For any individual, energy requirements may stay the same, increase or decrease with
advancing age. There are few studies looking at the energy needs of large numbers
of old cats and dogs.
With advancing age a fall in basal metabolic rate has been recorded in humans and
experimental animals. This is thought to be due to a change in the ratio between
lean body mass and fat, there being an increasing tendency to lay down body fat with
advancing age. There are several possible explanations for this trend:
reduced thyroid hormone activity (secretion or receptor response)
other hormonal effects, e.g. sex hormones, catecholamines.
Similar effects may also be seen in dogs and cats. Certainly there is an increased
incidence of obesity in dogs with increasing age (Edney & Smith, 1986).
Energy requirements may also be reduced if an individual is doing less exercise due
to changed behavioural patterns or secondary to other problems, e.g. an orthopaedic problem
such as degenerative joint disease or osteoarthritis.
Older animals with reduced energy requirements should have their energy intake reduced
otherwise obesity may result. Regular weighing of older animals should be recommended
to detect any trend towards weight gain.
Obesity should be regarded as a serious problem in older cats and dogs. Obese animals
have reduced glucose tolerance and hyperinsulinaemia (Mattheeuws et
al. 1984a; Mattheeuws et al. 1984b) even in the absence of frank
evidence of diabetes mellitus. Gross obesity can significantly reduce cardiovascular
and respiratory function and also exacerbates numerous other problems such as skin
disorders, and orthopaedic problems. Obesity in cats is a risk factor for the development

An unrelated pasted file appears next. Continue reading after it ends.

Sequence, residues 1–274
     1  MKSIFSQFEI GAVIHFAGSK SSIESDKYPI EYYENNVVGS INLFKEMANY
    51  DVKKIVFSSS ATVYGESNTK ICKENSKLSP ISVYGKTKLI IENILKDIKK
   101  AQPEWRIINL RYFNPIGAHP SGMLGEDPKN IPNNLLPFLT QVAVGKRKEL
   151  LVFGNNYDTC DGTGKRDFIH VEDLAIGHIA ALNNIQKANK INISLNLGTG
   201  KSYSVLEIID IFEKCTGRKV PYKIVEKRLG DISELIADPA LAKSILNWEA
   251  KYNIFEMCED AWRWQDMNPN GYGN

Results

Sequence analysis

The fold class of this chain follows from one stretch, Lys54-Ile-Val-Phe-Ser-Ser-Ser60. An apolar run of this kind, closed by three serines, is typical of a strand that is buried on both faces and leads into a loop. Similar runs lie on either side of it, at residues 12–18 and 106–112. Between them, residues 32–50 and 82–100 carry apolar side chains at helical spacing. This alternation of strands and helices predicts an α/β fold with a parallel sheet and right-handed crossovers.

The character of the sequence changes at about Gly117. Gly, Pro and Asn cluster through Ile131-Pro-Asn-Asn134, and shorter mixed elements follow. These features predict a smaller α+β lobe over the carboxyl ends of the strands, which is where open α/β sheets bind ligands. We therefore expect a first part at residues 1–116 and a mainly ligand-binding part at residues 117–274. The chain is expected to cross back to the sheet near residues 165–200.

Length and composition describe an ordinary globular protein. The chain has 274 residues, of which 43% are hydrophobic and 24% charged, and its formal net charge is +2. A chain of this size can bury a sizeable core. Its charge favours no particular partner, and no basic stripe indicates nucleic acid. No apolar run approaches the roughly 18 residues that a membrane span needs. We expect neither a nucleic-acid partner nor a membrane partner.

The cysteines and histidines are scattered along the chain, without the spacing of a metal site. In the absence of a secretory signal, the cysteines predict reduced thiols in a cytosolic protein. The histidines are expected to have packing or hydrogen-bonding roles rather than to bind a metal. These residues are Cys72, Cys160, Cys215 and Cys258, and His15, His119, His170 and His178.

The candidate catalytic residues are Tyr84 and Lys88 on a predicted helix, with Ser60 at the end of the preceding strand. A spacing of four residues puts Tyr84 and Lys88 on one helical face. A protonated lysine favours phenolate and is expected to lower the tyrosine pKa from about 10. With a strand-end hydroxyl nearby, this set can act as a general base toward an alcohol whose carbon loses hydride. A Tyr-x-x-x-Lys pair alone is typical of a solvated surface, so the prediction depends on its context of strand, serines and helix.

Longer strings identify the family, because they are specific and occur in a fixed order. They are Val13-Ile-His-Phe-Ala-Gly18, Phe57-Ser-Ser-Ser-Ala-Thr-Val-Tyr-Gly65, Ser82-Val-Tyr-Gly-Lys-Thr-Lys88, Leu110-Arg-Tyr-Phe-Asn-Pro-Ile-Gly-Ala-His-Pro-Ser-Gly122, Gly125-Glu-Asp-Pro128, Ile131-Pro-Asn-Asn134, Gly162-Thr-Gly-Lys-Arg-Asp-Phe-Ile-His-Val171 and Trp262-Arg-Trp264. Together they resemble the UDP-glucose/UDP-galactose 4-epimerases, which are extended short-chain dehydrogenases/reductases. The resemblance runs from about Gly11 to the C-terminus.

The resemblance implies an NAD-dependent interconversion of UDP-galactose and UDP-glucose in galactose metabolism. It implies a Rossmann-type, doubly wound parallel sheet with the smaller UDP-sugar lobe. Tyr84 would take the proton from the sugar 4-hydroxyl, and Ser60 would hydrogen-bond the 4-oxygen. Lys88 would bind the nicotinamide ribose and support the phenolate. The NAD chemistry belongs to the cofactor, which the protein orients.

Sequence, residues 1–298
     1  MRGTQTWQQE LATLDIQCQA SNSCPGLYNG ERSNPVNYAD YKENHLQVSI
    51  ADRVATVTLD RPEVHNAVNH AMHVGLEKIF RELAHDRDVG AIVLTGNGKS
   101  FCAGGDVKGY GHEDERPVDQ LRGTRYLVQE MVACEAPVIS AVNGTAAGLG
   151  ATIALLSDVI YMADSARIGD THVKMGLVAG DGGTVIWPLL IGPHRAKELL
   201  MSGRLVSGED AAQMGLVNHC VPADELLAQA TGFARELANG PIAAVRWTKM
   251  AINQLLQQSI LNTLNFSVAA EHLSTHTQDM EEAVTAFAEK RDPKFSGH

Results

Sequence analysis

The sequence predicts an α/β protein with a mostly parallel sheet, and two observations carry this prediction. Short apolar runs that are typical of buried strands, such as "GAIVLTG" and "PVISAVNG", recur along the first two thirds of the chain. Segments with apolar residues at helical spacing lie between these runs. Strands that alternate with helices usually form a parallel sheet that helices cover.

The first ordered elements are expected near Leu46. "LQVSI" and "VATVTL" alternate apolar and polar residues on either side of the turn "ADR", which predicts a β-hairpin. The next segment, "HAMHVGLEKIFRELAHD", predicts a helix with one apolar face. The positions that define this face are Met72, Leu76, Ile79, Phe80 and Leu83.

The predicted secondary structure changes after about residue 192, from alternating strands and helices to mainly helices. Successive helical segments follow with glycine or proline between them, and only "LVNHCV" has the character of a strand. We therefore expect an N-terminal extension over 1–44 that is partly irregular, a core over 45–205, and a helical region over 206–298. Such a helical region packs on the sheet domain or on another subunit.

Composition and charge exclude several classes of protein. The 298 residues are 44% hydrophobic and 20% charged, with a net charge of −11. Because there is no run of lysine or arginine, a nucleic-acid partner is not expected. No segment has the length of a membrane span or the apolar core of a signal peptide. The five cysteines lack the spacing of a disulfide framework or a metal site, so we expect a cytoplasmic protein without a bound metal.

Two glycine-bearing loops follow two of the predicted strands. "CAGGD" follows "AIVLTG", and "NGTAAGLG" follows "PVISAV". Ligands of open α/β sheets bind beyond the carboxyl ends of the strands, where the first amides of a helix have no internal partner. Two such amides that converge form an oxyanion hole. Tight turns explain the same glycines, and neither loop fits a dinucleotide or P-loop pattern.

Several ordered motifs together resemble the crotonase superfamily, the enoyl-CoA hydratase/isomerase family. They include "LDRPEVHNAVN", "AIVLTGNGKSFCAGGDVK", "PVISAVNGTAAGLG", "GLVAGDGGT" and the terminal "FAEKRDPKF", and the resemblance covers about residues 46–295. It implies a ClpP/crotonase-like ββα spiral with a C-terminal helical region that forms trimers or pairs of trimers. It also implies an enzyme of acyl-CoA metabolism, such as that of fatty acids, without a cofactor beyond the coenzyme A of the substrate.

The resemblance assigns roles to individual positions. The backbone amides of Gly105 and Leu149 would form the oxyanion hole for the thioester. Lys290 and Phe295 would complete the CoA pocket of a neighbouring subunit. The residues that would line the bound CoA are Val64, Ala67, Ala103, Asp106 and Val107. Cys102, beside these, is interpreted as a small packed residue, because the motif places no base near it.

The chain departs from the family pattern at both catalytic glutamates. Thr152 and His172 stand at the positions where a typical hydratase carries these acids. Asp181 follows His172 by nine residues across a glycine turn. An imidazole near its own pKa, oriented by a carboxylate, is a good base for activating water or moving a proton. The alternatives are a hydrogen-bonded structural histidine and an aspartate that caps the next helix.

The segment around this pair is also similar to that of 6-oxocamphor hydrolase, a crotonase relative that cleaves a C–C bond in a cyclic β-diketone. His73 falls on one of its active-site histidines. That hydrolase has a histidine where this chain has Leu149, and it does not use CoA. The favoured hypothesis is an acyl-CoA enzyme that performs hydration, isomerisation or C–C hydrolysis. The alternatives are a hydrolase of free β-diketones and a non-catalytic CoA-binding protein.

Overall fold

of hepatic lipidosis and in cats and dogs it is a risk factor for the development
of diabetes mellitus.
Most major organ system diseases seen in older animals (e.g. cardiac disease, renal
disease, hepatic disease and neoplasia) result in catabolism and weight loss. This
is particularly important in cats which, because of their high protein-calorie requirement
rapidly break down their own body muscle and other available proteins in the presence
of inadequate protein intake or excessive energy utilisation. Almost all chronic
diseases in the cat result in significant weight loss or even cachexia.
When energy intake does not meet requirements additional energy should be provided
and the selection of energy source (fat, protein or carbohydrates) will depend upon
the underlying clinical status of the animal. In cats protein is a major provider of energy
because of their obligate carnivorous nature, however fat provides 2.25 times more
energy than either protein or carbohydrate and so this will often be the high energy
source of choice for both cats and dogs. Carbohydrate will be used when high protein
or fat intake is contraindicated in the individual because of the presence of impaired
organ function or disease (e.g. renal failure, hyperlipidaemia).